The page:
Friedgen made no commitments to offensive style Tuesday afternoon in his interaction with the media since taking the Rutgers job. Five days of roster evaluation, meetings and recruiting is not enough to build an offense.
"It's a learning situation right now," Friedgen said. "I'm just meeting the players. In fact, I just came out of a meeting. I'm trying to meet each and every one of them – spend some time with them, get to know them. I'm evaluating them on tape on what they've done in previous years. It's really too early for me to even make an assessment of that."
Friedgen was known for run-heavy looks at Maryland, but also put out solid receiving talent at the NFL level. He did not go in-depth on the Rutgers quarterback situation, when asked, but was detailed in what he expected out of his offense.
The base offense will take shape later after more time for evaluation. Unlike many coaches that put players into their own scheme, Friedgen plans to build his scheme based on what fits the Rutgers roster.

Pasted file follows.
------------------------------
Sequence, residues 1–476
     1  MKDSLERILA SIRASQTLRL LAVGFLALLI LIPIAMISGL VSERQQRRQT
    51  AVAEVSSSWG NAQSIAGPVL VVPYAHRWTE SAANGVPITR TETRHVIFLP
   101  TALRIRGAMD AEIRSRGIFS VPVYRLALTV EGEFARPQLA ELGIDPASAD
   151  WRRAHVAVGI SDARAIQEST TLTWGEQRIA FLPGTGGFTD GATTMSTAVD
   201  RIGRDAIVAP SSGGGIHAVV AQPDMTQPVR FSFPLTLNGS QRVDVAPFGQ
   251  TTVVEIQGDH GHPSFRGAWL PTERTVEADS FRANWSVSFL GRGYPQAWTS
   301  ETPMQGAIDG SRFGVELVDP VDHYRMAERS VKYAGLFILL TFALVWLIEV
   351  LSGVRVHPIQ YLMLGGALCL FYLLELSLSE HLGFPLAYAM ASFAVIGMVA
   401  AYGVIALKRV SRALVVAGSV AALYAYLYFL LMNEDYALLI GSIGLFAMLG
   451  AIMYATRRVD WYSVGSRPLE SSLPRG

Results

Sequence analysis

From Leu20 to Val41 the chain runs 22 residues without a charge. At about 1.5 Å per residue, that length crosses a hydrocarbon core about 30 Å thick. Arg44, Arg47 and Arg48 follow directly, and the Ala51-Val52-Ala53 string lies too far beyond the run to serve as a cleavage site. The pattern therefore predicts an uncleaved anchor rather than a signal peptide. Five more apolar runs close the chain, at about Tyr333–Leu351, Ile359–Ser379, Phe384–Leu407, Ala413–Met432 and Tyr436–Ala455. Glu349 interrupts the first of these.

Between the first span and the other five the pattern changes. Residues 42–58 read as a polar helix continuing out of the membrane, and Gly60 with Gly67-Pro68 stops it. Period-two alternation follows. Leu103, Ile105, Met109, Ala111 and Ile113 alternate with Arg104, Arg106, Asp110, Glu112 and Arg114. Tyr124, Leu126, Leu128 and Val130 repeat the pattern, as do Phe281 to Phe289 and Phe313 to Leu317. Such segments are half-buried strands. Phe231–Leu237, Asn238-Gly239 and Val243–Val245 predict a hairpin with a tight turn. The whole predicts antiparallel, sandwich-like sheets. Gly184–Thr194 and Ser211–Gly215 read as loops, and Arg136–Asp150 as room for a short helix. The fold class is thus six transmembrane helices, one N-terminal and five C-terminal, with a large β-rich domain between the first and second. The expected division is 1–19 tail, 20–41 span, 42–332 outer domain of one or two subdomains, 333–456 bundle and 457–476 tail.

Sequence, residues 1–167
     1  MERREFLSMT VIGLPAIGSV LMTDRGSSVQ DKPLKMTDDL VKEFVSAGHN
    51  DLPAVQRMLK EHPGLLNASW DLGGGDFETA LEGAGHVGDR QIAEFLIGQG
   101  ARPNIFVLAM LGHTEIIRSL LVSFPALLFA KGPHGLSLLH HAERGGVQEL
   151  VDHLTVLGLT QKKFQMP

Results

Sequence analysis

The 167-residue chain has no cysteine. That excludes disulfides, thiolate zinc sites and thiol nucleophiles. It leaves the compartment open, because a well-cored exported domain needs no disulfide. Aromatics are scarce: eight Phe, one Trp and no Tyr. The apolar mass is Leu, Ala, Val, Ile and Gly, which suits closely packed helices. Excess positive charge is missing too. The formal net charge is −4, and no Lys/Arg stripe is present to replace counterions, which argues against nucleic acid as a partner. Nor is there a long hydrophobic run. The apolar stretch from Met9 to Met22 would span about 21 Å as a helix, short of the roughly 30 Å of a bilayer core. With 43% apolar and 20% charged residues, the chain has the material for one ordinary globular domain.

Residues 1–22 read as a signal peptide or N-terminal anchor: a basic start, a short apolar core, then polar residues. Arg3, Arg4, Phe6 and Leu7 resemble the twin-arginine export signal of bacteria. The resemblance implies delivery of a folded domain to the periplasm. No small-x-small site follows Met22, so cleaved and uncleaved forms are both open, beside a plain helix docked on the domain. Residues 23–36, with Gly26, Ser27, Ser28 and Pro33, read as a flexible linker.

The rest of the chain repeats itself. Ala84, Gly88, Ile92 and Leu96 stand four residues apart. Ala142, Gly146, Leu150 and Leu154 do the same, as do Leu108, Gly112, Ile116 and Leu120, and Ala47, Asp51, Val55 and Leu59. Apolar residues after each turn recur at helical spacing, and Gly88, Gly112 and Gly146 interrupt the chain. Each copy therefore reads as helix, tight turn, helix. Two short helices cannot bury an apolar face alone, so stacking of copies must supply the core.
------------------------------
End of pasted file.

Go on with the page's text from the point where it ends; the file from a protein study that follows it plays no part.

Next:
"I don't believe in trying to do something that kids can't do," Friedgen said. "I try to find out what they can do well and build around that.
" … I do believe in having a balance between run and pass – not so much to be easily divided, but to have the ability to throw the ball just as well as you run the ball. Take what the defense gives you. I think if you can do that, you put yourself in the best chance to have successful play."
Rutgers committed 36 turnovers in 2013, which is a number Friedgen would like to see decrease heading into the Big Ten.
"The last thing I think is very important is you can't make mistakes," he said. "You have to eliminate the bad plays, the turnovers, the sacks. I think if you do those three things, you give yourself a chance to be successful."
Friedgen spent three years away from coaching after being fired at Maryland. Rutgers expressed interest during its last offense coordinator search, and coach Kyle Flood remained aggressive this offseason.
For a seasoned coach like Friedgen, the interview process was more about gauging mutual interest.
"When you talk to somebody who's done what Ralph Friedgen has done in this profession, it's not an interview process," Flood said. "It's really just a matter of seeing if he's interest in the job. And if he is, then speaking to him in person and making sure the fit is right."